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Stranglehold or leasehold?

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By David Hitchcock

At its best, “leasehold” property is a simple concept – it refers to a long lease of land (residential or commercial) which ends at some future point, when the property will return to the landlord. However, the complexities of leasehold ownership and the surrounding law are rarely straightforward. There has been much in the national press over the course of many months regarding the Government’s plans for the system and the majority of articles published in the media have been outcries at the “murkiest and most lucrative corner of the residential market: the leasehold system”[1] which often highlight the most extreme cases of unfair leases that allow landlords to charge exorbitant ground rents, service charge and maintenance contributions.

Between October and December last year the Government consulted on reform of the system in England and Wales including plans to:

  • Ban unjustified use of leasehold ownership for new-build houses (potentially applying this retrospectively from December 2017)

  • Implementing a cap on ground rent

  • Ensuring charges for maintenance are fairer and more transparent.

At TWM, we deal with leasehold law on a daily basis. The system is a result of hundreds of years of consolidated laws which often seem extremely outdated and unnecessarily complex. This is true in residential as well as commercial property but the system can have benefits including for investors, developers and occupiers alike. The full text of the Government’s consultation can be found online here and should be of interest to landlords, tenants, investors and lenders alike.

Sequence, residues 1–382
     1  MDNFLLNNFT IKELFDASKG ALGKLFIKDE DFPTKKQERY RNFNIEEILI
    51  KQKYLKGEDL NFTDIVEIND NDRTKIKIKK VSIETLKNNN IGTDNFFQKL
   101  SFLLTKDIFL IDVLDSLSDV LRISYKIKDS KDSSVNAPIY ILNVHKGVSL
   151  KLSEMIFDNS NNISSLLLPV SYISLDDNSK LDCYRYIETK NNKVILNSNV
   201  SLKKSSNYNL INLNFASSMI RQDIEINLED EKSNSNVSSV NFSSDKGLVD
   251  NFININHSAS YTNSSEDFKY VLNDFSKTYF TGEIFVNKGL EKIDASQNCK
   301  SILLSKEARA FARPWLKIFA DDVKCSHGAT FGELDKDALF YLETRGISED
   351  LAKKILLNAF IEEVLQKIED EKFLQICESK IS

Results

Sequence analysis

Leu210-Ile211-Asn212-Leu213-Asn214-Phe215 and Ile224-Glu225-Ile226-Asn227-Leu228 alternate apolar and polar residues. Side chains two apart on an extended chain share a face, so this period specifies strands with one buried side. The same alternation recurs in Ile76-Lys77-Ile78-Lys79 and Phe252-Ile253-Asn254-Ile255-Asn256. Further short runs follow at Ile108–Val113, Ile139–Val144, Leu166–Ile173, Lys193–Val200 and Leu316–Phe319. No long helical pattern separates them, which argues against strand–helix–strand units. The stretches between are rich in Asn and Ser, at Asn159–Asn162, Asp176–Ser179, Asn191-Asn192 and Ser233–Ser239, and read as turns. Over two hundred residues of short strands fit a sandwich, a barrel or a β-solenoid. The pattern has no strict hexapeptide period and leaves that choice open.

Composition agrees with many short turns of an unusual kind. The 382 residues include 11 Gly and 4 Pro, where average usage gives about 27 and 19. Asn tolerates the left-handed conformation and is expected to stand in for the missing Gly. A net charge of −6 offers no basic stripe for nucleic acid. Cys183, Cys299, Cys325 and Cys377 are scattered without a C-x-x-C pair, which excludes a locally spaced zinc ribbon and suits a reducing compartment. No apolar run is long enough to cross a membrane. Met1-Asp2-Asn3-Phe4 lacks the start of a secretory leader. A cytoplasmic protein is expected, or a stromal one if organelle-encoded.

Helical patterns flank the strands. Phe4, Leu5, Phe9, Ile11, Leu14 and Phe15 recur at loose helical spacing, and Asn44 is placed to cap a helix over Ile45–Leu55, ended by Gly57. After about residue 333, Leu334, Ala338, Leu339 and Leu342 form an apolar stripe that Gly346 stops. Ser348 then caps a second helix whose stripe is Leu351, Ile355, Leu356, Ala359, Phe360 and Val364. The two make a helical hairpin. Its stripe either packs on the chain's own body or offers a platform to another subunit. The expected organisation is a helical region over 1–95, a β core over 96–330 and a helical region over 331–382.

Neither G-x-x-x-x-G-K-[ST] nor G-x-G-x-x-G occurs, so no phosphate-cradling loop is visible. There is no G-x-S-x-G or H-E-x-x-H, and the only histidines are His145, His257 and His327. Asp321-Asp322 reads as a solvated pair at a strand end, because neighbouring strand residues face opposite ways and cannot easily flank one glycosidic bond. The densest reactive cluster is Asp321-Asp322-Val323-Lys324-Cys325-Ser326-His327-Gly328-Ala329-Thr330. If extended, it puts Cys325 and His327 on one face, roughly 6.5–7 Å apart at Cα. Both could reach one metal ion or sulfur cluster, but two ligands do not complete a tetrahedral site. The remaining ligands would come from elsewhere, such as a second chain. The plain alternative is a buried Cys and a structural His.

Our guess is that reforming the system is unlikely to be quick, easy or straightforward and, perhaps tellingly, is dependant on parliamentary time. Until the system is simplified, there are a myriad of spiky issues for the unwary including the much publicised issue of ground rents and service charges, but also repair covenants, subletting, enfranchisement and the right to manage. Whatever your position TWM can help – we are one of only 13 law firms recently recommended for Landlord and Tenant law in The Times Best Law Firms 2019, as well as maintaining our historic recommendations in The Legal 500 and Chambers and Partners independent legal directories.

[1] "The leasehold system is a money-making racket. Reform is long overdue" by Sebastian O'Kelly, writing in The Guardian. 20 July 2018

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